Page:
Winner: South Africa
The earliest edition of what is now called the ICC Champions Trophy was played in a knock-out format in 1998 in Bangladesh. Nine teams featured in the tournament: Australia, India, South Africa, Pakistan, Sri Lanka, West Indies and England qualified automatically, while New Zealand and Zimbabwe played a pre-qualifier, which New Zealand won, to get into the tournament proper. All matches were played in Dhaka.
This was South Africa's only victorious campaign in an ICC multi-team ODI event. It defeated England in the quarter-final by six wickets and 20 balls to spare in a chase of 282. It went on to pummel Sri Lanka by 92 runs.
Pitted against the West Indies in the final, it chased down a target of 246 with four wickets and three overs to spare. Jacques Kallis, who was instrumental in South Africa winning the final, amassed 164 runs at 82 including a hundred against Sri Lanka. He also finished with eight wickets, which included a five-for in the final.
The tournament is also remembered for Sachin Tendulkar's 141 against Australia, which set up a 44-run win for India against a dominant opposition. That was the highest score in the tournament.
Player of the tournament: Jacques Kallis
Top run-scorer: Phillo Wallace – 221 runs
Top wicket-taker: Jacques Kallis – 8 wickets
Winner: New Zealand
This too was played in the knock-out format. The pool of teams that qualified automatically was reduced from seven to five, with three berths up for grabs in the pre-qualifying round.
The five teams that gained automatic qualification were Australia, New Zealand, Pakistan, Zimbabwe and South Africa. India, England, Bangladesh, Sri Lanka, West Indies and Kenya were the six teams that fought for the remaining three berths with India, Sri Lanka and England making the cut.
Once in the main rounds, India soon established itself as the team to beat. It defeated Australia in the quarter-final, proceeded to defeat South Africa by a comfortable margin of 95 runs, before bumping into a spirited New Zealand in the final. New Zealand defeated Zimbabwe and then Pakistan to get to the final.
New Zealand lifted the trophy with four wickets and two balls to spare in its chase of 265, even though the tournament's top-performers, Sourav Ganguly and Venkatesh Prasad with bat and ball respectively, came good for India. Chris Cairns, the allrounder, scored a fine hundred to give New Zealand its only win at an ICC event to date.
Ganguly, the India skipper, topped the batting charts with 348 runs at an average of 116. His tally included a couple of hundreds, one of which valiantly came in the final, and a half century. Prasad's eight wickets came at an average of 21.37.
Top run-scorer: Sourav Ganguly – 348 runs
Top wicket-taker: Venkatesh Prasad – 8 wickets
2002, Sri Lanka
Winner: Shared between India and Sri Lanka
In 2002, the tournament's format was tweaked and it came to be called the ICC Champions Trophy. All games were played in Colombo, between R Premadasa and Sinhalese Sports Complex. The tournament featured 12 teams, including the 10 Full Members by direct qualification. Kenya and the Netherlands were the two other teams.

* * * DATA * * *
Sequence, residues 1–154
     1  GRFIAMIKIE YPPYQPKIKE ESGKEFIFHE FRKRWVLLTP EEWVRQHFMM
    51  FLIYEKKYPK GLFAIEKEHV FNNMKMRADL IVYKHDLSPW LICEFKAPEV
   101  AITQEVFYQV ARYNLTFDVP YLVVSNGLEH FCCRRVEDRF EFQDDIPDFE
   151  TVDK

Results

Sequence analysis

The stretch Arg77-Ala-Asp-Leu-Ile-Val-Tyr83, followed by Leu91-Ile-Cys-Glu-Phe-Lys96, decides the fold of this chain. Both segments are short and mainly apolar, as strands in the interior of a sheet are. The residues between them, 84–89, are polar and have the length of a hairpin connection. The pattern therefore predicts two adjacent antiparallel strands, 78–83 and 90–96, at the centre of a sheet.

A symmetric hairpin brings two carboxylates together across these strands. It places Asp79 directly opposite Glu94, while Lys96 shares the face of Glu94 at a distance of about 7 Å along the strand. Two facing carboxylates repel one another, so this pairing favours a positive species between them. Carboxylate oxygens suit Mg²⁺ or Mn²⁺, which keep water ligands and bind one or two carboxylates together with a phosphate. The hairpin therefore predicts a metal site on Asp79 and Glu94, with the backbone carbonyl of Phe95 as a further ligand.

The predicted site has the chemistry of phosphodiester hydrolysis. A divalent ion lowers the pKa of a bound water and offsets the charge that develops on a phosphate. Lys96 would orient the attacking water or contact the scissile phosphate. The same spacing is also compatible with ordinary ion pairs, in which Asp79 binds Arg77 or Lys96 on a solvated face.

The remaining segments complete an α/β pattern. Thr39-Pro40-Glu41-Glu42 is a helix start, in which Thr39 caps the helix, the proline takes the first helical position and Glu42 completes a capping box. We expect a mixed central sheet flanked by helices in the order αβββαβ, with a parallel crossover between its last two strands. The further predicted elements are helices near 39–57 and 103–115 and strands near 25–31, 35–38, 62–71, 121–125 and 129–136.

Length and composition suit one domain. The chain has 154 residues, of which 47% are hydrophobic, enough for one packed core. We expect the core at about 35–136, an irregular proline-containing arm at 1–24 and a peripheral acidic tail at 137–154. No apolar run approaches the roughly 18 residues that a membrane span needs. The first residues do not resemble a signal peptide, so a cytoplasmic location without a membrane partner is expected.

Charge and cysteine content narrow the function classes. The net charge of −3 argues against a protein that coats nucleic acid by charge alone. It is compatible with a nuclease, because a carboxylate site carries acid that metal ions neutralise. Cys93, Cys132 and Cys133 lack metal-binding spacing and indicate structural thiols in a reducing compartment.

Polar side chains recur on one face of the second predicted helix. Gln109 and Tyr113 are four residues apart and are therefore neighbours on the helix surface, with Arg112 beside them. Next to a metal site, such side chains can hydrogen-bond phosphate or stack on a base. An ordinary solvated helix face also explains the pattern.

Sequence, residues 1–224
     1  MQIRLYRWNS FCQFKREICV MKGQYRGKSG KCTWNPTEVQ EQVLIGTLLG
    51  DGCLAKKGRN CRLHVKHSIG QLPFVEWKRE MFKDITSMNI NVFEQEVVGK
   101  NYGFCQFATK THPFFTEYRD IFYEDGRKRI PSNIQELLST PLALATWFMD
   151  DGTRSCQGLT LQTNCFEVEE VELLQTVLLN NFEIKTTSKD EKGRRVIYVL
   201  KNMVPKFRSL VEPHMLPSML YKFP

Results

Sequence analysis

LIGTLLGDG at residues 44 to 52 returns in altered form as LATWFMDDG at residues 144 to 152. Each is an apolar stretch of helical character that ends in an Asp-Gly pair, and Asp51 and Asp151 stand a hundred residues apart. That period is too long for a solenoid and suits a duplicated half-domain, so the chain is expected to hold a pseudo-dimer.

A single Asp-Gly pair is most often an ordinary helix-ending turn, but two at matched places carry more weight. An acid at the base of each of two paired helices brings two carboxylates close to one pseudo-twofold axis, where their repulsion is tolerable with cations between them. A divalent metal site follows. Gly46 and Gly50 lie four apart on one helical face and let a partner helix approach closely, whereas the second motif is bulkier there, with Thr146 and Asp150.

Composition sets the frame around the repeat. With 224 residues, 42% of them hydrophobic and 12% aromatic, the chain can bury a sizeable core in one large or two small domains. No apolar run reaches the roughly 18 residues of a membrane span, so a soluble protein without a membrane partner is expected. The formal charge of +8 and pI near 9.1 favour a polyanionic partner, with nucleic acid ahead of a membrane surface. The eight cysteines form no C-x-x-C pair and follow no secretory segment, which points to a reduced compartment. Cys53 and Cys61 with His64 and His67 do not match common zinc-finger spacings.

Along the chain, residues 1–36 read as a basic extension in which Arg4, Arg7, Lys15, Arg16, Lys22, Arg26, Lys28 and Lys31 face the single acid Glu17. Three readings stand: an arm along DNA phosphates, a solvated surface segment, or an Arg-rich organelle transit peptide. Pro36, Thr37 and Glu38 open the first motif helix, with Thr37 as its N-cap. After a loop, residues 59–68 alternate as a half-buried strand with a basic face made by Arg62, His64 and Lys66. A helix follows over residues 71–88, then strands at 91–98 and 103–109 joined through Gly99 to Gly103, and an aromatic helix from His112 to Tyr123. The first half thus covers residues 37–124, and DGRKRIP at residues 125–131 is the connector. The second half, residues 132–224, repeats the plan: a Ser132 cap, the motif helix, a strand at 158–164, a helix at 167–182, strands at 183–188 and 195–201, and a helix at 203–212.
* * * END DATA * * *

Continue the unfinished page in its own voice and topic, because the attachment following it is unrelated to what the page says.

The 12 teams were split into four groups, with the topper proceeding to the semi-finals. Australia, India, Sri Lanka and South Africa were the four teams that emerged on top.
India defeated South Africa in a dramatic encounter, while Sri Lanka had it easier against Australia. Unfortunately, rain quashed hopes of witnessing a great final. Sri Lanka scored 244 for 5 in its 50 overs and India responded with 14 for no loss in two overs before rain spoiled the day. On the reserve day, the host nation got to 222 for 7 and India reached 38 for 1 in eight overs before rain ruined chance of a result.
Virender Sehwag amassed 271 runs from five games at an average of 90.33 including a ton and a half-century, while Muttiah Muralitharan topped the bowling charts.
Top run-scorer: Virender Sehwag – 271 runs
Top wicket-taker: Muttiah Muralitharan – 10 wickets
Winner: West Indies
Like the previous edition, all 10 Test-playing teams gained automatic qualification and Kenya qualified by virtue of its ODI status. The 12th team was USA, which qualified by winning the ICC Six Nations Challenge.
The semi-finalists, i.e the toppers of the four groups, were Australia, the West Indies, Pakistan and England. England beat arch-rival Australia in the first semi-final, while the West Indies triumphed over Pakistan. In a low-scoring thriller at The Oval, the West Indies put England in the shade by just two wickets and seven balls to spare in its chase of 218. The West Indies was reeling at 147 for 8 at one stage, but a resilient unbeaten 71-run stand between Courtney Browne, the wicketkeeper, and Ian Bradshaw, the left-arm bowler, took it past the line.